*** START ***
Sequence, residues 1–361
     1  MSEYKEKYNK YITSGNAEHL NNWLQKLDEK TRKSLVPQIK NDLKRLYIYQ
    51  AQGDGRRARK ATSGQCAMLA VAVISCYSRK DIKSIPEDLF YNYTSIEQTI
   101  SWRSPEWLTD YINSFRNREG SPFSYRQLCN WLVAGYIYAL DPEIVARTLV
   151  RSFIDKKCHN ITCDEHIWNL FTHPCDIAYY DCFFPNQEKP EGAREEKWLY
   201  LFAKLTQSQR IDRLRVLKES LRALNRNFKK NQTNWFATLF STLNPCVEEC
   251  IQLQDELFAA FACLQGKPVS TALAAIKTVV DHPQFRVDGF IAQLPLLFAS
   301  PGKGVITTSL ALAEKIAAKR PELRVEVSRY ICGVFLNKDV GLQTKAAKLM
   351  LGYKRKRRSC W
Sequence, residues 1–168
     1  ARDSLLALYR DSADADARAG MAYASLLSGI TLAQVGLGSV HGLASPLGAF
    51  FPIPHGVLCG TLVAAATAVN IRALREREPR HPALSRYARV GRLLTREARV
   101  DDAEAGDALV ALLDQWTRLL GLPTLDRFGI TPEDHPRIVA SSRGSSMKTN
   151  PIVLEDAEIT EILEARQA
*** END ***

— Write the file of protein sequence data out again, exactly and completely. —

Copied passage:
Sequence, residues 1–361
     1  MSEYKEKYNK YITSGNAEHL NNWLQKLDEK TRKSLVPQIK NDLKRLYIYQ
    51  AQGDGRRARK ATSGQCAMLA VAVISCYSRK DIKSIPEDLF YNYTSIEQTI
   101  SWRSPEWLTD YINSFRNREG SPFSYRQLCN WLVAGYIYAL DPEIVARTLV
   151  RSFIDKKCHN ITCDEHIWNL FTHPCDIAYY DCFFPNQEKP EGAREEKWLY
   201  LFAKLTQSQR IDRLRVLKES LRALNRNFKK NQTNWFATLF STLNPCVEEC
   251  IQLQDELFAA FACLQGKPVS TALAAIKTVV DHPQFRVDGF IAQLPLLFAS
   301  PGKGVITTSL ALAEKIAAKR PELRVEVSRY ICGVFLNKDV GLQTKAAKLM
   351  LGYKRKRRSC W
Sequence, residues 1–168
     1  ARDSLLALYR DSADADARAG MAYASLLSGI TLAQVGLGSV HGLASPLGAF
    51  FPIPHGVLCG TLVAAATAVN IRALREREPR HPALSRYARV GRLLTREARV
   101  DDAEAGDALV ALLDQWTRLL GLPTLDRFGI TPEDHPRIVA SSRGSSMKTN
   151  PIVLEDAEIT EILEARQA